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  15. Eugene Wallace

    Eugene Wallace Member

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    wise words, badhak.

    To find the best guitars, you need the finest tonal detection devices every created - your ears.
     
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  16. fendergeek

    fendergeek Member

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  17. sbr

    sbr Member

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    For that Gilmour one, most of that crystal-clear bell-like clean tone comes from the Boss CS-2 and the EMG active pickups he used. And a loud, clean amp.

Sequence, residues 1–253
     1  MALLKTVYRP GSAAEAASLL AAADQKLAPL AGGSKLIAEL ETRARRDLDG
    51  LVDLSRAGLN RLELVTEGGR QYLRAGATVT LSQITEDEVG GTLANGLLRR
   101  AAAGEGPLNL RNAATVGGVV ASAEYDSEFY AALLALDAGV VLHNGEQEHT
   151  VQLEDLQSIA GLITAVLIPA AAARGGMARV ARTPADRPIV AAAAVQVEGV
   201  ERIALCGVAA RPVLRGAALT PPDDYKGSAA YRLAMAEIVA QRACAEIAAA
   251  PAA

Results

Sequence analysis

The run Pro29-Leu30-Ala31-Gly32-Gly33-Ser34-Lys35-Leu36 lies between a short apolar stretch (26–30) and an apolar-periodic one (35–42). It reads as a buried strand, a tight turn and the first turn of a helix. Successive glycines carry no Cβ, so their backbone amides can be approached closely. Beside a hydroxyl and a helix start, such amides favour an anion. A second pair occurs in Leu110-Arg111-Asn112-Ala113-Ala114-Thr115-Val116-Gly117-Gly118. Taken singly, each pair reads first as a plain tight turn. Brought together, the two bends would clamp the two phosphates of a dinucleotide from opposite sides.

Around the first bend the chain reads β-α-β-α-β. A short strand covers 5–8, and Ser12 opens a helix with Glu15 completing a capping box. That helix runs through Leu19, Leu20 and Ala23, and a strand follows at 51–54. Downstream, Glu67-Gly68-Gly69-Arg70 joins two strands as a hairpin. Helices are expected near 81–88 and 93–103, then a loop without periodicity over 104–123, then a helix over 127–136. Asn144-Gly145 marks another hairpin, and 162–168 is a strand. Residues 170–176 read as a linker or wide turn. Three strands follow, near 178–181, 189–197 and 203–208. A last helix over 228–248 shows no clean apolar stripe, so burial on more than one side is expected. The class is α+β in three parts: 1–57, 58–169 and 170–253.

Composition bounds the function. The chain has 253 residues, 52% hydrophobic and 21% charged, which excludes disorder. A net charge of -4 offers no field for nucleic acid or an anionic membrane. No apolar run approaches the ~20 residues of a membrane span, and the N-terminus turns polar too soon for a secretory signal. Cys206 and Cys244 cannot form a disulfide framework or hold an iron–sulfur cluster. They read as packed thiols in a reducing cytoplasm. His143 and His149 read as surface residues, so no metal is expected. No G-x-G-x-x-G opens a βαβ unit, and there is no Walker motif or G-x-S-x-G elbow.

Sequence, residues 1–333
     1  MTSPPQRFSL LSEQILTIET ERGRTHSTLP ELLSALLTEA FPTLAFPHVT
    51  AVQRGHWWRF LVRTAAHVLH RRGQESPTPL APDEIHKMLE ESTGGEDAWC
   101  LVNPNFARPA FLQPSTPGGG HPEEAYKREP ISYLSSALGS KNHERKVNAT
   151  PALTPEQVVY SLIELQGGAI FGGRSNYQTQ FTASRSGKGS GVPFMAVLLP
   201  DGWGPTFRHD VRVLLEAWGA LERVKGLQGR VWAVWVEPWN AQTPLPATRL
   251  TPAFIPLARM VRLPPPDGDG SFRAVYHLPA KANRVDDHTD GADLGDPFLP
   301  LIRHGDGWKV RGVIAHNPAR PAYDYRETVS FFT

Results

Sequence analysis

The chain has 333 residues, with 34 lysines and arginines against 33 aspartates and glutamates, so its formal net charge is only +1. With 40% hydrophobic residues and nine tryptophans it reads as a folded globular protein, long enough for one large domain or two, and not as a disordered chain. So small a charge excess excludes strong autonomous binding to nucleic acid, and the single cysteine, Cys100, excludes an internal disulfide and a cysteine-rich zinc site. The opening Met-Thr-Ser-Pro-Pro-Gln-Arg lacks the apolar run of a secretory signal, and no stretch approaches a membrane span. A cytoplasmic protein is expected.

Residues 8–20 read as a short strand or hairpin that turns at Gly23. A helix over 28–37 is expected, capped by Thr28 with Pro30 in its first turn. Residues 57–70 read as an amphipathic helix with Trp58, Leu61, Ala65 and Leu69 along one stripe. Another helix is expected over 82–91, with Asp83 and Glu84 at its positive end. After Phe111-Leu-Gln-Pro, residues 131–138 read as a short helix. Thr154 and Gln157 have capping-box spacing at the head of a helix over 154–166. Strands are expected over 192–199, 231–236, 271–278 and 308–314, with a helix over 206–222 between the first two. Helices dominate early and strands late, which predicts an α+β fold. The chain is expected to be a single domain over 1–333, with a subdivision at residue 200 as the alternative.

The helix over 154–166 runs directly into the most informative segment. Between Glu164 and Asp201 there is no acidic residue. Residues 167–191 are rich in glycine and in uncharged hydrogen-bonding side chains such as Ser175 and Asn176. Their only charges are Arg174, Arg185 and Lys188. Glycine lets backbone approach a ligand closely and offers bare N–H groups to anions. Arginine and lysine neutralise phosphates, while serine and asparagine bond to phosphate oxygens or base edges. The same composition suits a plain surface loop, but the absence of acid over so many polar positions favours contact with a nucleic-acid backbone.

Of course, the fingers play their role, but I'd say 95% of that tone is the CS-2 and the EMGs.
     
  18. ToneDeVille

    ToneDeVille Supporting Member

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    Out of phase pickup switching is the basic tone you're hearing, but only part of it. The guitar also has compression added.
    But Mark's finger picking technique accounts for much of the sound.
     
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  19. bobcs71

    bobcs71 Member

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    Strat, Orange squeezer and a BF Twin.
    I think that will get you there much quicker than looking for particular options on a strat.